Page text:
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Spice it up!

Chillies are a fun crop to grow. They are very decorative and don’t take up a lot of space, so it’s easy to grow a selection of different varieties in a season.

Chillies originated in South America, and have spread throughout the world in the last 500 years or so. They are now an integral part of the cuisine of many different countries.

The fruit usually starts out green and can be harvested at this stage. If left to ripen on the plant, the fruit will turn yellow, orange, purple, black or red, depending on the variety. The colorful, fully ripe fruit is generally hotter and has a more intense flavor than the green ones.

Chillies enjoy similar conditions to tomatoes and capsicum. A warm, sunny position in a pot or garden bed is ideal. They don’t need much in the way of care and attention. They are a warm season plant and can look a bit shabby during winter. I usually trim mine back quite hard and let them re-shoot in spring.

Chillies make good companions for eggplant, cucumber, tomato, okra, squash, basil, oregano and parsley. They also like geraniums, petunias, lovage, carrots and onions. Keep them away from beans, broccoli, cabbage and fennel.

The heat of chilies varies greatly according to variety, from very mild to ridiculously hot. The hottest chili in the world is currently the Carolina Reaper. The Trinidad Scorpion and Naga Jolokia are not far behind. There is a new kid on the block, called Dragon’s Breath, developed by a Welsh farmer and exhibited at this year’s Chelsea Flower Show. It has measured hotter than the Carolina Reaper, and the breeder is awaiting confirmation from the Guinness Book of Records that it is the new title holder.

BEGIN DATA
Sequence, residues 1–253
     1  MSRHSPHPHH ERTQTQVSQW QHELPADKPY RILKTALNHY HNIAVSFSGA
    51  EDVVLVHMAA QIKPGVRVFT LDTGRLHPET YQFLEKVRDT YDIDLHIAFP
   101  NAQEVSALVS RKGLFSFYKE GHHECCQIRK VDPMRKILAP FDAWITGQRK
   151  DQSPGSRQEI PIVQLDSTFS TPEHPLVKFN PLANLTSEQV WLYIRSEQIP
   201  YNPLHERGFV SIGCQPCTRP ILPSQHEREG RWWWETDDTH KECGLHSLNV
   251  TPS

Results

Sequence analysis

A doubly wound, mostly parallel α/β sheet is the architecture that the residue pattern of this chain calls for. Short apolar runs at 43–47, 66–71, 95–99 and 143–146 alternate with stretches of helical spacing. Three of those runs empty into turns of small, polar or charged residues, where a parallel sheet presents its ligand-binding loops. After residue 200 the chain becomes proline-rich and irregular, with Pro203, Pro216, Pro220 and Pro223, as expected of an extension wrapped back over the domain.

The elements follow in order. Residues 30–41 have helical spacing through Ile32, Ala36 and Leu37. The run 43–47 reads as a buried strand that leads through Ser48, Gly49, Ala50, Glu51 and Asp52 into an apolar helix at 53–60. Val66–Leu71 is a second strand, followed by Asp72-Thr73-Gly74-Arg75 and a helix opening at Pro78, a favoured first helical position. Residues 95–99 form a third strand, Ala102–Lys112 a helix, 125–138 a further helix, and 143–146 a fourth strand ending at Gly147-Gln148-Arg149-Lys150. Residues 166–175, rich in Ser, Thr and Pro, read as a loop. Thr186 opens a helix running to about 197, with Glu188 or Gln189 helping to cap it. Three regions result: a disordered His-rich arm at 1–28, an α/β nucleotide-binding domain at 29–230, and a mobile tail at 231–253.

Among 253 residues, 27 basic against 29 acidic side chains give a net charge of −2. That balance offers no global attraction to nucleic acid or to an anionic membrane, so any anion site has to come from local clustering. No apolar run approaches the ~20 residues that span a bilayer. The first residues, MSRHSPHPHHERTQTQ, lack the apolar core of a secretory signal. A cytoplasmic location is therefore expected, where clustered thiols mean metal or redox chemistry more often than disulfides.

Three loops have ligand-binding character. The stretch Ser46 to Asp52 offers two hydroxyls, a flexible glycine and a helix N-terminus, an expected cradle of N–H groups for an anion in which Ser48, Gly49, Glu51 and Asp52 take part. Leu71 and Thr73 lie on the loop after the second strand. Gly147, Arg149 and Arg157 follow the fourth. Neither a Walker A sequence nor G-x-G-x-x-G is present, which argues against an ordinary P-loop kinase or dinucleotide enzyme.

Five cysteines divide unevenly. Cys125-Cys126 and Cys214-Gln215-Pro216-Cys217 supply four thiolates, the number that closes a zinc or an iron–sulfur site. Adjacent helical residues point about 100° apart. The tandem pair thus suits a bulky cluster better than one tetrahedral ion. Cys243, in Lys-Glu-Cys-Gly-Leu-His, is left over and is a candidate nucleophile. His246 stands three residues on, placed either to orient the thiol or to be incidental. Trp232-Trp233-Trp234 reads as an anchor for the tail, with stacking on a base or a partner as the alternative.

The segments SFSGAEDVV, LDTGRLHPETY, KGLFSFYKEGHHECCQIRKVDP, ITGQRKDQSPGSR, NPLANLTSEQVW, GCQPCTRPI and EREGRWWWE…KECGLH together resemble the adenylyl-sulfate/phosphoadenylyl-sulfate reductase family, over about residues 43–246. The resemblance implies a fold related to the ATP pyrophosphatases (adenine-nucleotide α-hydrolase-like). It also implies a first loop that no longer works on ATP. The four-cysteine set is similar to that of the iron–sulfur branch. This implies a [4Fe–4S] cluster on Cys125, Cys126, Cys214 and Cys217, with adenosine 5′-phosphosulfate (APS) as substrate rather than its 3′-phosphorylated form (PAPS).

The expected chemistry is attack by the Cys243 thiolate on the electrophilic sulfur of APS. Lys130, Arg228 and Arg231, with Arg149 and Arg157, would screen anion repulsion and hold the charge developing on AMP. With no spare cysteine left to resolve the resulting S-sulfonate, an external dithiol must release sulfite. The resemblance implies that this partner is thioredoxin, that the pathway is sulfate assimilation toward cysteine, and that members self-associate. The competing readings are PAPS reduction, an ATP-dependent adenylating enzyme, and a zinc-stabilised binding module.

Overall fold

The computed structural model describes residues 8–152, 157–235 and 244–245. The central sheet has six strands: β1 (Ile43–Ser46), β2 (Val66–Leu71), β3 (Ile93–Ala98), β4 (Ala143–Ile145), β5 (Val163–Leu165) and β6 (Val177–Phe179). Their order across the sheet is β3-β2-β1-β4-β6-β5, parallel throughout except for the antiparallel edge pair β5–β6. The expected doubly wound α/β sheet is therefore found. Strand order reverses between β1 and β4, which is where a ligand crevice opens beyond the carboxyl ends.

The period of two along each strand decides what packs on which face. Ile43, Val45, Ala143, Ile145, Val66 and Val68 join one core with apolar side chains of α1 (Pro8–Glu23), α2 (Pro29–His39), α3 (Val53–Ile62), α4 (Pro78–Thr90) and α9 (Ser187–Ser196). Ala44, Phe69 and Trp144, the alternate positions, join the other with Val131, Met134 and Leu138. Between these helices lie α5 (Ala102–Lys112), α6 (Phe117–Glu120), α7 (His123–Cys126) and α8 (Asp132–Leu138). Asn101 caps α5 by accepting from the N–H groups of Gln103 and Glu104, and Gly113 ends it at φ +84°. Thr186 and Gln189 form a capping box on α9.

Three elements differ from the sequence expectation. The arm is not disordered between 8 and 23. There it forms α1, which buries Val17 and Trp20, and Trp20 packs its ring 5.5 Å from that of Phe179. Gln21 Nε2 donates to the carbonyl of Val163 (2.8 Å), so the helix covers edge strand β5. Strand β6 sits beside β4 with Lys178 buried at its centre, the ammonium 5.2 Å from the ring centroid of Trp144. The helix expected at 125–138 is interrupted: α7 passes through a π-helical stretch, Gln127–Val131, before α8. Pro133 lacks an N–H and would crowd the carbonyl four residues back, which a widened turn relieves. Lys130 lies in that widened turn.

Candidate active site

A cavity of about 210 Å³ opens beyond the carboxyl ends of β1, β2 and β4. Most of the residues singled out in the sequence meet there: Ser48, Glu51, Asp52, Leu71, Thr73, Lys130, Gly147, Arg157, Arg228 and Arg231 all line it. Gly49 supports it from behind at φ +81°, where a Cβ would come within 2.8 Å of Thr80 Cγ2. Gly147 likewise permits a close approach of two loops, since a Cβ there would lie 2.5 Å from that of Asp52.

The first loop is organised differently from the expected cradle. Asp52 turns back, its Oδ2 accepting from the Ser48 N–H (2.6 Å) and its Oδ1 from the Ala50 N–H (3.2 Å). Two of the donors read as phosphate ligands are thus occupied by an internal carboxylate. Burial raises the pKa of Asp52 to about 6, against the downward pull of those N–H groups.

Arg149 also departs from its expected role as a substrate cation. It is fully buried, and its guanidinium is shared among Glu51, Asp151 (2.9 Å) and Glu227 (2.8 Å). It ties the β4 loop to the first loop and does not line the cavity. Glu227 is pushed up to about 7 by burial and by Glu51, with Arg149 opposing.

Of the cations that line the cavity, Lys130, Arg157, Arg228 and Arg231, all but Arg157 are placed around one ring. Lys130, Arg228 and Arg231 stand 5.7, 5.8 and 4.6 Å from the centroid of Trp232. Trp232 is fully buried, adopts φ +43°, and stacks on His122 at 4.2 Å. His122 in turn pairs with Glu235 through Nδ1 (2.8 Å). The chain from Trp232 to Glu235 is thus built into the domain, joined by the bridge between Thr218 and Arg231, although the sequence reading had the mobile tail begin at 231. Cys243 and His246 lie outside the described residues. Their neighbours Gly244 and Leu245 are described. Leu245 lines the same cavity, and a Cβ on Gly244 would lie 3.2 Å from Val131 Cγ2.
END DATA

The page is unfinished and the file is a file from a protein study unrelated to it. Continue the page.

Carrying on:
At the mild end of the heat scale, you will find the Sweet Temptation. If you like something with a bit of bite, you might enjoy the Jalapenos. They are cylindrically shaped, about 5-8cm long, and turn from dark green to red when ripe.

A little further along are the Caysan chilies, a fruit about 5-7cm long, turning bright red when ripe.

Habaneros are very hot and have an interesting lantern shape which might be orange, red, yellow or brown when ripe. Also up there at the dangerous end of the heat scale is the Birds Eye, a short, tapered, red chili that is only about 2-3cm long. The bush grows to about 1-1.5m tall and bears prolifically.

Be careful when handling chilies, as the juice can be highly irritating to the skin and the eyes. If you are handling lots, or if you have sensitive skin, consider wearing gloves for protection.

If you end up with too many chilies, you can pickle them, just as you would pickle onions or cucumbers. That way, you can continue enjoying chilies during winter, when your plants are not in fruit. Some varieties can also be dried and stored for long periods.

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